In the space between adolescence and middle age -- between jeans skinny and Mom -- exists The Killers.
The Las Vegas quartet bridges the gap between people who remember the '80s and youngsters intrigued by the anthemic sounds emitted by that magic instrument known as a synthesizer.
A bit of Roxy Music, a touch of Pet Shop Boys and even a dash of The Cult -- the Killers evoked them all Tuesday night at Arco Arena while keeping a modest but enthusiastic crowd of 6,000 on its feet.
That included people who stood only after Killers lead singer Brandon Flowers shamed them into it.
"The people who are sitting down -- you're killing me," Flowers told the crowd. "We are not The Fray."
Flowers and his bandmates definitely rock harder than The Fray. They're also more elliptical, musically and lyrically.
Some of The Killers' songs, such as "Human," from the 2008 release "Day & Age," are so lyrically obtuse that they might have blocked messages from audience members' brains to their feet.
"Human" has a beat you can dance to, certainly, but what do The Killers mean by the line "Are we human, or are we dancer?" (I ask this after about 50 enjoyable/perplexing listens over the past year.)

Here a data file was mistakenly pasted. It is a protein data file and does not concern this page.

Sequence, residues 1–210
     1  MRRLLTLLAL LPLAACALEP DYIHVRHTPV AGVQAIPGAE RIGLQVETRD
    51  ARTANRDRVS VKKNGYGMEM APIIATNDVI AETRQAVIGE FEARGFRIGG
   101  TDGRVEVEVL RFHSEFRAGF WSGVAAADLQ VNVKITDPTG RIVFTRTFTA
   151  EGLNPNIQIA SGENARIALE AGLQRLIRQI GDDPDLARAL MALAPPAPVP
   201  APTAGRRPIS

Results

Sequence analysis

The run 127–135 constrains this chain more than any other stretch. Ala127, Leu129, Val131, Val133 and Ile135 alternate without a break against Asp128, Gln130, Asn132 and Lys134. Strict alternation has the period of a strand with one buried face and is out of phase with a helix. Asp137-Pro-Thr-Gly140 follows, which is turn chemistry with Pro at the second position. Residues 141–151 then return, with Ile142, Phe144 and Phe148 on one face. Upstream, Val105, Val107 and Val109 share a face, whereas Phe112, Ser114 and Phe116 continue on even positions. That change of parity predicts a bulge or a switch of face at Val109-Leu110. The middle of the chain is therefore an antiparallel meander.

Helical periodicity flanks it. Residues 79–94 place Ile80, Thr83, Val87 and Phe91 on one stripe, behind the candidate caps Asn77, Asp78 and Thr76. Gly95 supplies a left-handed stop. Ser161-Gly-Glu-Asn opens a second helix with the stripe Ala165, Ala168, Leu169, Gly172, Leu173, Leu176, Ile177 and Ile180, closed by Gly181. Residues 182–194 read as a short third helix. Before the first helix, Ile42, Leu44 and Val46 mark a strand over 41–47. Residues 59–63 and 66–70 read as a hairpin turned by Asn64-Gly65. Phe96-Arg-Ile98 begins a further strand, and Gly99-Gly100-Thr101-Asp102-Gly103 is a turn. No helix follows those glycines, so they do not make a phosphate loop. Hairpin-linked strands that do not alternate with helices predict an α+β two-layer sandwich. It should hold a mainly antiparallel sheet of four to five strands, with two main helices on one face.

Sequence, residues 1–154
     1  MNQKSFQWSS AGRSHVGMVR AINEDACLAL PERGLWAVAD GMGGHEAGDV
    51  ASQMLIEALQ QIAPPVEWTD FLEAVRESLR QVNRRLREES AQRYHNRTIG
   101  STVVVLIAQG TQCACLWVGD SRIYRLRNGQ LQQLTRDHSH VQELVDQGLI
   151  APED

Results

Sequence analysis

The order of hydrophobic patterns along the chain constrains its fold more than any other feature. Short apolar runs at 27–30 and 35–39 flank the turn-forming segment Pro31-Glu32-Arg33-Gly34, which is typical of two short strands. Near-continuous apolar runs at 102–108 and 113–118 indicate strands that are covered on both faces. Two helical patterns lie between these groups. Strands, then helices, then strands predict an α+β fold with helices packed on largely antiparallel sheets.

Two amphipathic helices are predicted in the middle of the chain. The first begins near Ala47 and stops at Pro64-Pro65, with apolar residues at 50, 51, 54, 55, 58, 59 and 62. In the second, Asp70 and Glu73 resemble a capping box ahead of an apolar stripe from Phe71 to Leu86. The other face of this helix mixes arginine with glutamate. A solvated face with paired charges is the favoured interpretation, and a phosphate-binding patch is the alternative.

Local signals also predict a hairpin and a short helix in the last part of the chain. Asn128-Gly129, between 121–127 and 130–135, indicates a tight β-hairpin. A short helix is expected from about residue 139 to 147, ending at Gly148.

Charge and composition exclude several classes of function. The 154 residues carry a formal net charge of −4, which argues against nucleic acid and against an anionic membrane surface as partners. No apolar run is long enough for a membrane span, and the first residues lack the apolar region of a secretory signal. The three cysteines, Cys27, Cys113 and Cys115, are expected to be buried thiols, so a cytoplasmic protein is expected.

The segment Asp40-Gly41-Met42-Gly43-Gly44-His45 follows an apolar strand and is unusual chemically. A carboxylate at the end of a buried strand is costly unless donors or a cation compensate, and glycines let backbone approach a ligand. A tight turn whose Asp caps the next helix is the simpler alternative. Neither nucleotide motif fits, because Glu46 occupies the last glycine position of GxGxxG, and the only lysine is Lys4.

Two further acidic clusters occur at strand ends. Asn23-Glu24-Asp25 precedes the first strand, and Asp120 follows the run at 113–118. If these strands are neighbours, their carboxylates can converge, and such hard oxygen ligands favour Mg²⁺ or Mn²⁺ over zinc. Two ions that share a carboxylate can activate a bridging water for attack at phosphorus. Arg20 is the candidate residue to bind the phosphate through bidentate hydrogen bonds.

Two exceptions from "Day & Age" are "Joy Ride," with its self-explanatory lyrics and insistent beat, and "A Dustland Fairytale," which, like the excellent "When You Were Young" from the Killers' 2006 CD "Sam's Town," tackles the plight of the easily charmed woman.
Flowers' elastic tenor reached such emotional heights during "Fairytale" Tuesday night that you wondered if he knows the woman in the song who got sucked in by a "slick chrome American prince." The Killers' portrayal of romance among the have-nots can approach the poetic, and at some moments, even the Springsteen-esque.
Consisting on Tuesday night of Flowers (vocals and synth), drummer Ronnie Vannucci, bassist Mark Stoermer, guitarist Dave Keuning and two side players, The Killers created a sound at once big, elaborate and exceptionally sharp. The band sounded even better when stripped down to its core for comparatively straightforward songs such as "Mr. Brightside" and "Somebody Told Me," both from 2004's "Hot Fuss."
The Killers' songs are credited to the whole band. One gets a strong sense, however, that Flowers runs the creative show. He certainly doesn't seem to be in it for the glory of being a front man.
Despite the effervescence he displays on stage, Flowers is no spotlight hog. He interacted with the Arco audience infrequently, and he even seemed a little shy while apologizing, during the encore, for what he had said earlier about The Fray.
The gesture showed that Flowers has manners to match his angelic face.
In other words, it wasn't very rock 'n' roll.